Not only was the invasion of the Phillipines not necessary, but when they did land they landed, as planned, in the wrong place for that initial landing.

        It was a classic bit of Dougism, completely ignoring the correct intelligence and doing what he wanted to do because it looked good.

    • jasonbayz says:

      Hindsight is 20/20. It was not obvious that Japan could be defeated from the air. The British had been bombing Germany for years, it weakened them, but did not defeat them. They believed an invasion of Japan would be necessary. In that case, the soldiers in the Philippines weren’t tied down, the Japanese would have noticed if only islands in range of Japan were attacked. Some of them could have been evacuated and sent to Japanese beaches, on which casualty ratios for the allies wouldn’t have been nearly so favorable to the allies.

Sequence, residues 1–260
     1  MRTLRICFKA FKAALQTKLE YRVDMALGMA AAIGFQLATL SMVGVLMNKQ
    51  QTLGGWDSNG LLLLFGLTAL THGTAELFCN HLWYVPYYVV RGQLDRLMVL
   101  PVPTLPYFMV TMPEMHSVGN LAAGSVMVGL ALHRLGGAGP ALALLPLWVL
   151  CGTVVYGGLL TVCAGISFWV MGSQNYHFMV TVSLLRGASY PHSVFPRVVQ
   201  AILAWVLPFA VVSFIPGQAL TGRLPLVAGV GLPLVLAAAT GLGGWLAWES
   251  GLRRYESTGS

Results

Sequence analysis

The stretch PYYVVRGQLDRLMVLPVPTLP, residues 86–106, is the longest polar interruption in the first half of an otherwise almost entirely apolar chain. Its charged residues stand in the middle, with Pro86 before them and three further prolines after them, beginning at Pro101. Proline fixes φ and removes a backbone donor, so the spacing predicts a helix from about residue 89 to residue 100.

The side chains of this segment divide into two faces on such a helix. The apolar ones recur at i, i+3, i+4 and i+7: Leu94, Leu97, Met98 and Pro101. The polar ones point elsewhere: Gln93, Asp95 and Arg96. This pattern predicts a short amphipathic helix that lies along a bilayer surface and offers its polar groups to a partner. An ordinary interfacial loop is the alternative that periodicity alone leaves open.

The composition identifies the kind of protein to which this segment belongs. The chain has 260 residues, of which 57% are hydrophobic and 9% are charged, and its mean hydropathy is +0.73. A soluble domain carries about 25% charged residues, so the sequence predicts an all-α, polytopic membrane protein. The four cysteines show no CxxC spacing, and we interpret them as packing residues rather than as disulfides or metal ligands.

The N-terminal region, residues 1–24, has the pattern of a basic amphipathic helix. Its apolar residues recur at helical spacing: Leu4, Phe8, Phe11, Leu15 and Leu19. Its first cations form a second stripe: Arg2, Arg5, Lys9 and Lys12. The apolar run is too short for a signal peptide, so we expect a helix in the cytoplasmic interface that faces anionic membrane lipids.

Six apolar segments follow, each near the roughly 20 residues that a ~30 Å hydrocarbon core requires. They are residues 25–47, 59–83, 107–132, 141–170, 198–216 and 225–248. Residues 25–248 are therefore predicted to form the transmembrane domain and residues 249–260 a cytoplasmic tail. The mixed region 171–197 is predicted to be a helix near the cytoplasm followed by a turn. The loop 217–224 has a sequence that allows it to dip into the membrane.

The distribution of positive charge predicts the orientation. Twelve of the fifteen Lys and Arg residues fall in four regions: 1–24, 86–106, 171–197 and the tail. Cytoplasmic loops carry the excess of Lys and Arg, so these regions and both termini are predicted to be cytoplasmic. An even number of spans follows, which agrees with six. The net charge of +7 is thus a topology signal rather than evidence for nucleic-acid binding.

They also might of thought inflicting a defeat on the Japanese would make them more likely to surrender. Not sure how much they understood the Japanese mentality.

      It’s the same reason for the Italian campaign in Europe. Italy wasn’t very useful to the Germans, but it was a propaganda victory and it was easier to kill Germans there than in Germany itself.

      • James says:

        In point of fact it was extremely difficult to kill Germans in Italy. The mountainous terrain had a Kraut behind every rock and the Allies suffered over 300,000 casualties in less than two years of fighting. Anzio, Monte Cassino, and the only partial breaching the Gothic Line were all notorious bloodbaths.